Chapter 19. Handling file uploads

Table of Contents
POST method uploads
Common Pitfalls
Uploading multiple files
PUT method support

POST method uploads

PHP is capable of receiving file uploads from any RFC-1867 compliant browser (which includes Netscape Navigator 3 or later, Microsoft Internet Explorer 3 with a patch from Microsoft, or later without a patch). This feature lets people upload both text and binary files. With PHP's authentication and file manipulation functions, you have full control over who is allowed to upload and what is to be done with the file once it has been uploaded.

Note that PHP also supports PUT-method file uploads as used by Netscape Composer and W3C's Amaya clients. See the PUT Method Support for more details.

A file upload screen can be built by creating a special form which looks something like this:

Example 19-1. File Upload Form

<form enctype="multipart/form-data" action="_URL_" method="post">
<input type="hidden" name="MAX_FILE_SIZE" value="1000">
Send this file: <input name="userfile" type="file">
<input type="submit" value="Send File">

The _URL_ should point to a PHP file. The MAX_FILE_SIZE hidden field must precede the file input field and its value is the maximum filesize accepted. The value is in bytes.


The MAX_FILE_SIZE is advisory to the browser. It is easy to circumvent this maximum. So don't count on it that the browser obeys you wish! The PHP-settings for maximum-size, however, cannot be fooled.

In PHP, the following variables will be defined within the destination script upon a successful upload, assuming that register_globals is turned on in php.ini. If track_vars is turned on, they will also be available in PHP within the global array $HTTP_POST_VARS. Note that the following variable names assume the use of the file upload name 'userfile', as used in the example above:

Note that the "$userfile" part of the above variables is whatever the name of the INPUT field of TYPE=file is in the upload form. In the above upload form example, we chose to call it "userfile"

In PHP 4, the behaviour is slightly different, in that the new global array $HTTP_POST_FILES is provided to contain the uploaded file information. This is still only available if track_vars is turned on, but track_vars is always turned on in versions of PHP after PHP 4.0.2.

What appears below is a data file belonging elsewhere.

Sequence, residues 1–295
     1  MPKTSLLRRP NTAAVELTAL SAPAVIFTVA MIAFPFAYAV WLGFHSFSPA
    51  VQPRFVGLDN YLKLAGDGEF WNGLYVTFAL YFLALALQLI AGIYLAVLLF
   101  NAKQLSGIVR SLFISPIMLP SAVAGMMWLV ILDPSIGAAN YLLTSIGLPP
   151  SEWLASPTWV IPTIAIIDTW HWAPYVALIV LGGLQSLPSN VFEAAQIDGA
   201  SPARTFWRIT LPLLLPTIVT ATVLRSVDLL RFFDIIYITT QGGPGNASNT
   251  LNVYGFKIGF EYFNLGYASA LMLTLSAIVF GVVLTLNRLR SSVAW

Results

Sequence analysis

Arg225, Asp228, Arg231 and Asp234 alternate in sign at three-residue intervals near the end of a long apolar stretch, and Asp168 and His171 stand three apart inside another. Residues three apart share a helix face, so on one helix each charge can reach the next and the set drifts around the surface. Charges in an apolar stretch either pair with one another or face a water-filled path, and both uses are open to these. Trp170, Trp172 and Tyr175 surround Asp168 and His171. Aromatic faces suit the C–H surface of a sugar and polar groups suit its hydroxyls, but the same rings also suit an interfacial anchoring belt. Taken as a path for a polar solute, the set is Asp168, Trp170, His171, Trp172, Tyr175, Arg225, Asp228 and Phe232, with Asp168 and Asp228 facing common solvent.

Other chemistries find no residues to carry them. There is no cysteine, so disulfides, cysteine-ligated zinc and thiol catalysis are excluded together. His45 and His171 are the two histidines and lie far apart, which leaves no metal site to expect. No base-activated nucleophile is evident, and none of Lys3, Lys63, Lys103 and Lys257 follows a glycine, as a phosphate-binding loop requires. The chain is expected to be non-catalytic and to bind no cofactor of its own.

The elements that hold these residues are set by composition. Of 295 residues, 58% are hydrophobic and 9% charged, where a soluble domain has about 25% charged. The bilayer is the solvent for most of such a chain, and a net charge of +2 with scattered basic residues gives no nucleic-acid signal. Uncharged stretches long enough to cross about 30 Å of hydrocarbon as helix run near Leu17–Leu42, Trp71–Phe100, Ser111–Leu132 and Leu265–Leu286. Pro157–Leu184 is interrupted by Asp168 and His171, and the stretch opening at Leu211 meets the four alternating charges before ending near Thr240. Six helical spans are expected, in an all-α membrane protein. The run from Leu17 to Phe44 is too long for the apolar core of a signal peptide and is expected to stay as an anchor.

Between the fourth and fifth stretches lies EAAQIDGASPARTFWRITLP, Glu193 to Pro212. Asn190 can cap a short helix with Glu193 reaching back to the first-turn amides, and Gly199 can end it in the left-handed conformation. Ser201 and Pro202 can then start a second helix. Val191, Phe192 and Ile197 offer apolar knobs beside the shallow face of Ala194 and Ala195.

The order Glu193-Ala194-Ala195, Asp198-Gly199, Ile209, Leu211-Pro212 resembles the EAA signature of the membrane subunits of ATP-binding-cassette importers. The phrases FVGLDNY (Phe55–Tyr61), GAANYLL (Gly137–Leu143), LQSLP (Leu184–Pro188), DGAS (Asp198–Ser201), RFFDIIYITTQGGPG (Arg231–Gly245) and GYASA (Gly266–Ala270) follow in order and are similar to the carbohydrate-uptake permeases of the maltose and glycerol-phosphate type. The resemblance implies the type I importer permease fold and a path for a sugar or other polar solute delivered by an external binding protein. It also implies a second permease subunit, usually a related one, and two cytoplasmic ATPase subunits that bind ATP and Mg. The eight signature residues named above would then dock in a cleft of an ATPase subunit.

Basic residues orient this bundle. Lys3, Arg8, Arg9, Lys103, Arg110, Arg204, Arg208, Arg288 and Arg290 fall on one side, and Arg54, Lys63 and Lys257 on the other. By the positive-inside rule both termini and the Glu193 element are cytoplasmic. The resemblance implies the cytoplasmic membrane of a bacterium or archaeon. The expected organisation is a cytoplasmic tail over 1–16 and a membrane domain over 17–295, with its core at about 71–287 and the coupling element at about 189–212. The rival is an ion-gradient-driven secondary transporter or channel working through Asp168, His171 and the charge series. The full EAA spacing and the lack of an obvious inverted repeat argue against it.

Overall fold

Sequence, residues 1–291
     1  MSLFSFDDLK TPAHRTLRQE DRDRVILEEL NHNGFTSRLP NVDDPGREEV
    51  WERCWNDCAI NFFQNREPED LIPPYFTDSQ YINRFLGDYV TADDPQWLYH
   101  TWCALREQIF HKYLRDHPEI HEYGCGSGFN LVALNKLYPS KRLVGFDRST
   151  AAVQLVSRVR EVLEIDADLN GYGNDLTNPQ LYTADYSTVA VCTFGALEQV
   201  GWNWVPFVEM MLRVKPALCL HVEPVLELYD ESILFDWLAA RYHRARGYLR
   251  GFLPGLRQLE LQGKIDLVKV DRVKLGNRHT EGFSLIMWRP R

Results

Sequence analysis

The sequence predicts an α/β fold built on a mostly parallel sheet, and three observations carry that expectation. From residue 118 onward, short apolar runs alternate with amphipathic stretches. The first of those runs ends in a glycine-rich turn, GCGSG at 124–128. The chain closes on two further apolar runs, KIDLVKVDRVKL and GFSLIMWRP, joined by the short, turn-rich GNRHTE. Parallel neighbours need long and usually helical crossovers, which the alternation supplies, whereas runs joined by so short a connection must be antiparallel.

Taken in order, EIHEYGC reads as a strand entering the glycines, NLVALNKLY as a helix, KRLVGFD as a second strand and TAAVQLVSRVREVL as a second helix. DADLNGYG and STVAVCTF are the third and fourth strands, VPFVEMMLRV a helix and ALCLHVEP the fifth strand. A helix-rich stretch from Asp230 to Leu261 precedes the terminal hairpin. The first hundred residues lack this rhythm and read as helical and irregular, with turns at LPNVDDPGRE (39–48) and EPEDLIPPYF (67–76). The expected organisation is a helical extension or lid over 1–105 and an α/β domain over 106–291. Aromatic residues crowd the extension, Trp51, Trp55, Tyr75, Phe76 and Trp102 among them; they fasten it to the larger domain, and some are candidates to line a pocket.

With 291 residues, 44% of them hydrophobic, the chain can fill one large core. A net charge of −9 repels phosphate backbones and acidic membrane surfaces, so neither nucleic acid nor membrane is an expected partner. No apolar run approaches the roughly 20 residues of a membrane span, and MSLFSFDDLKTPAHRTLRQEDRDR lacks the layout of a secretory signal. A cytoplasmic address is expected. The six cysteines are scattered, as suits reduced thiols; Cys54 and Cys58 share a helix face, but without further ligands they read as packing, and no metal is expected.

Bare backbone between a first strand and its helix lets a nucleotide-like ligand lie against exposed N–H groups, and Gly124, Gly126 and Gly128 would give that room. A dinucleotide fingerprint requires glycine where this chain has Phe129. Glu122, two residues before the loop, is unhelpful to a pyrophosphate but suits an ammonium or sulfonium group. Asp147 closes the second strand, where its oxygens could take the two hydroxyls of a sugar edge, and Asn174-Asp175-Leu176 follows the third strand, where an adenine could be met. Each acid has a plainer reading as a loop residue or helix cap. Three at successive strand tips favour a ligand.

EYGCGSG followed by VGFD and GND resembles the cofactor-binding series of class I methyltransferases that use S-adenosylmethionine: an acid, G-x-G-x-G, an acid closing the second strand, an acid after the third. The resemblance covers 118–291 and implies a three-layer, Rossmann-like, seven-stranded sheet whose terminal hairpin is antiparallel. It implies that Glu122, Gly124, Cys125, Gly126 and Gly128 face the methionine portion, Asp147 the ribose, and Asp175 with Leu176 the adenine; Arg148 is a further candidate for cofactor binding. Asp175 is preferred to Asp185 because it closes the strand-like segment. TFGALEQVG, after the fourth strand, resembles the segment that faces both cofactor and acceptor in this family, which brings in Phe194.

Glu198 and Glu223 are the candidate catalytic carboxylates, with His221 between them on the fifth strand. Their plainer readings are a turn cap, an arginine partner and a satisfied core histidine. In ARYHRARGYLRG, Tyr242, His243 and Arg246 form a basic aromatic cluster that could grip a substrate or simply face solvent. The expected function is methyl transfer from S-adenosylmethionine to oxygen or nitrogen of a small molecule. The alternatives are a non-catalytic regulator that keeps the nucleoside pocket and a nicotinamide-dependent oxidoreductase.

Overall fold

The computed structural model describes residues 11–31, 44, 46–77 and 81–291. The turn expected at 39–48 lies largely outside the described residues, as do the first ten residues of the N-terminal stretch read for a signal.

The contents of $HTTP_POST_FILES are as follows. Note that this assumes the use of the file upload name 'userfile', as used in the example above:


The original name of the file on the client machine.


The mime type of the file, if the browser provided this information. An example would be "image/gif".


The size, in bytes, of the uploaded file.


The temporary filename of the file in which the uploaded file was stored on the server.

Files will by default be stored in the server's default temporary directory, unless another location has been given with the upload_tmp_dir directive in php.ini. The server's default directory can be changed by setting the environment variable TMPDIR in the environment in which PHP runs. Setting it using putenv() from within a PHP script will not work. This environment variable can also be used to make sure that other operations are working on uploaded files, as well.

Example 19-2. Validating file uploads

The following examples are for versions of PHP 3 greater than 3.0.16, and versions of PHP 4 greater than 4.0.2. See the function entries for is_uploaded_file() and move_uploaded_file().

if (is_uploaded_file($userfile)) {
    copy($userfile, "/place/to/put/uploaded/file");
} else {
    echo "Possible file upload attack: filename '$userfile'.";
/* ...or... */
move_uploaded_file($userfile, "/place/to/put/uploaded/file");


For earlier versions of PHP, you'll need to do something like the following.

Note: This will not work in versions of PHP 4 after 4.0.2. It depends on internal functionality of PHP which changed after that version.

/* Userland test for uploaded file. */ 
function is_uploaded_file($filename) {
    if (!$tmp_file = get_cfg_var('upload_tmp_dir')) {
        $tmp_file = dirname(tempnam('', ''));
    $tmp_file .= '/' . basename($filename);
    /* User might have trailing slash in php.ini... */
    return (ereg_replace('/+', '/', $tmp_file) == $filename);

if (is_uploaded_file($userfile)) {
    copy($userfile, "/place/to/put/uploaded/file");
} else {
    echo "Possible file upload attack: filename '$userfile'.";


The PHP script which receives the uploaded file should implement whatever logic is necessary for determining what should be done with the uploaded file. You can for example use the $file_size variable to throw away any files that are either too small or too big. You could use the $file_type variable to throw away any files that didn't match a certain type criteria. Whatever the logic, you should either delete the file from the temporary directory or move it elsewhere.

The file will be deleted from the temporary directory at the end of the request if it has not been moved away or renamed.